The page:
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The Importance of Film Study

What we see on television doesn't begin to tell the real story of the game and what players, coaches and scouts can find out about an offense, defense or an individual player, says Dave Wyman. (AP Photo/Elaine Thompson)

By the time my nine-year NFL career was over, I had watched enough film to make me never want to see another football game as long as I lived. Now, I’d give anything to watch some real game film.

What we see on television doesn’t begin to tell the real story of the game and what players, coaches and scouts can find out about an offense, defense or an individual player.

Game film is shot from two different angles – the sideline view and the end zone view. Every play is displayed first from the sideline and then from the end zone. The two are spliced consecutively so that you see the entire game in that order. The sideline shot is fairly similar to what we all see on television except every player is kept in the frame no matter how far the play stretches down-field. That’s important because coaches scour through an entire film watching each player throughout every play, grading them for the steps they took, the assignment they did or did not fulfill, and the decisions they made. For a linebacker coach like Ken Norton Jr., who is in charge of three players every down, he’ll either watch the entire film three times, or run it back several times per position, per play.

The end zone shot tells a whole different story, especially for the offensive line and the front seven of the defense. It is filmed close up so that you can only see “the box” or the middle part of the field. For a middle linebacker like myself, I would fast forward past the sideline angle and get right to the end zone view. It’s incredibly revealing and that’s where the saying “the big eye in the sky don’t lie” came from. You can see every movement, every step and every running lane close up.

For an interior lineman like DT Alan Branch, it’s everything. “I usually don’t watch the game itself or where the ball goes,” said Branch when asked about his weekly study of opponents. “Sometimes I’ll watch just the first second of a play for five minutes, just so I can see the steps a lineman takes and try to get some kind of an edge or an advantage.” This may sound boring but it can be exciting if you find a “tell” or a consistent indicator that helps you predict what your opponent might do.

As an analyst, I keep all of this in mind and I’m reticent to lay blame when plays break down and things go wrong. What looks like one player’s responsibility, isn’t necessarily so once you see game film. It tells a different story and I try to keep that in mind. As a player, I was very mindful of how everything that I did would look on film. Not only are your teammates and coaches going to see the film, many of your peers around the NFL will see it too. Typically, teams look at the last three games of each opponent they’re about to face. So the Seahawks can count on Green Bay, Carolina and Detroit (Atlanta’s next three opponents) all seeing Sunday’s film.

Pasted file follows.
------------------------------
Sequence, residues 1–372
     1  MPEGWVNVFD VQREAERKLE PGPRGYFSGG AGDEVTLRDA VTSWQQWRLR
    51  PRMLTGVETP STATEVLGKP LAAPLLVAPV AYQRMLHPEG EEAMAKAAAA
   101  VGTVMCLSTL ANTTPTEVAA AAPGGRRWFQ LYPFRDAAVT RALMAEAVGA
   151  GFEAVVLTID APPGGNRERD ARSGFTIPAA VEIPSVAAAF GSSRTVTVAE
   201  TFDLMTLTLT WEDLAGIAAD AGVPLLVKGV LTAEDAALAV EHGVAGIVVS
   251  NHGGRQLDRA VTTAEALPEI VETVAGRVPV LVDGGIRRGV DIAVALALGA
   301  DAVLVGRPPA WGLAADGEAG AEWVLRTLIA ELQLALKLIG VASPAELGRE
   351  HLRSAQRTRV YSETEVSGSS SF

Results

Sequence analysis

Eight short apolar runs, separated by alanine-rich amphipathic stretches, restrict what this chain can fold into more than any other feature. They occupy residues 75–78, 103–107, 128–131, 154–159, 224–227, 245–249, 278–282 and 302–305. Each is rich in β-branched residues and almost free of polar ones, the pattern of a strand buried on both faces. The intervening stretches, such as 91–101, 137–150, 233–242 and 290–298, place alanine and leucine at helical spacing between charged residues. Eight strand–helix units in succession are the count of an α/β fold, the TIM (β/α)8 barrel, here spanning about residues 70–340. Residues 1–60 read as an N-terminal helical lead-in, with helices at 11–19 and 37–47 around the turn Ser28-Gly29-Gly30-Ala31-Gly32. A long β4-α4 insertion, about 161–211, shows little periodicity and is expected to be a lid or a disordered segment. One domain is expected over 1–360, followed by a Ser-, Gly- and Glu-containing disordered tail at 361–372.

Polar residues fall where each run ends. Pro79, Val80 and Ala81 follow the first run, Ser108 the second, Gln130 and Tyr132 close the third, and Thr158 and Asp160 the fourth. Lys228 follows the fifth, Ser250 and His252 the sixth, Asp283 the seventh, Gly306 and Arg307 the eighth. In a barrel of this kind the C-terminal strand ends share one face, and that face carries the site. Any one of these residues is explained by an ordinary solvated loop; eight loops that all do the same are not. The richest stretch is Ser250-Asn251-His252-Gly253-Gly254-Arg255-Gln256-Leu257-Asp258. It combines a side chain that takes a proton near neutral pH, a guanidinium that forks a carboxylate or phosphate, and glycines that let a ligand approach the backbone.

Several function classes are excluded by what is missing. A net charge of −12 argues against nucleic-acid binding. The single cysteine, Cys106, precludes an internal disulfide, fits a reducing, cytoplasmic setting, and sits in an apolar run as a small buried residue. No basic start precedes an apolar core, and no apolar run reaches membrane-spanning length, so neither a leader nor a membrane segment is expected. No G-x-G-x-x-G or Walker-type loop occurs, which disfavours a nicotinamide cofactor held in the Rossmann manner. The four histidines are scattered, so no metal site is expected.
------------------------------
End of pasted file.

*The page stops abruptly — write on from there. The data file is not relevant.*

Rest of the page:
Thom Fermstead, the Seahawks video director, has shot every game and nearly every single practice since the inception of the team in 1976. I interviewed him back in 2004 and we figured that at that time, he had shot close to 3,500 practices and over 600 games including pre-season, regular season and playoff games. Headed into the Seahawks 36th year, that pushes those numbers up to approximately 4,200 and 725 respectively. Talk about being sick of film!

Technology has taken quantum leaps in those 36 years. “Fermie” used to have to travel into Spokane (when they had practices in Cheney) or Seattle to get film developed. Today, it can be downloaded onto all sorts of portable devices and sent home with the players immediately. During the pre-season this year, I saw players looking at game film on laptops during the plane ride home from Denver.

The computer age allows coaches to access much more information in far less time. I remember watching short highlight reels of film that were specific offensive formations or down and distance situations called “cut-ups.” So called because in the 1980’s, they literally were clips of 16mm film that were cut and then spliced together in order to make a highlight reel. Today, there is software that recalls every 1st-and-10 play or every red zone (inside the 20-yard line) play from a period of time that is specified and then recalled immediately.

Add “paralysis by analysis” to today’s list of jargon. With all of this information so readily available, there is a point of diminishing returns. Coaches have to determine how much is too much information.

As for Fermstead, don’t think that he is just filming practice – he’s also watching and paying close attention. “All of this technology has made the game way too complicated,” said Fermstead. “You still have to just go out and execute and make plays.”

Profound words of wisdom from someone who has, as far as the Seahawks are concerned, seen it all!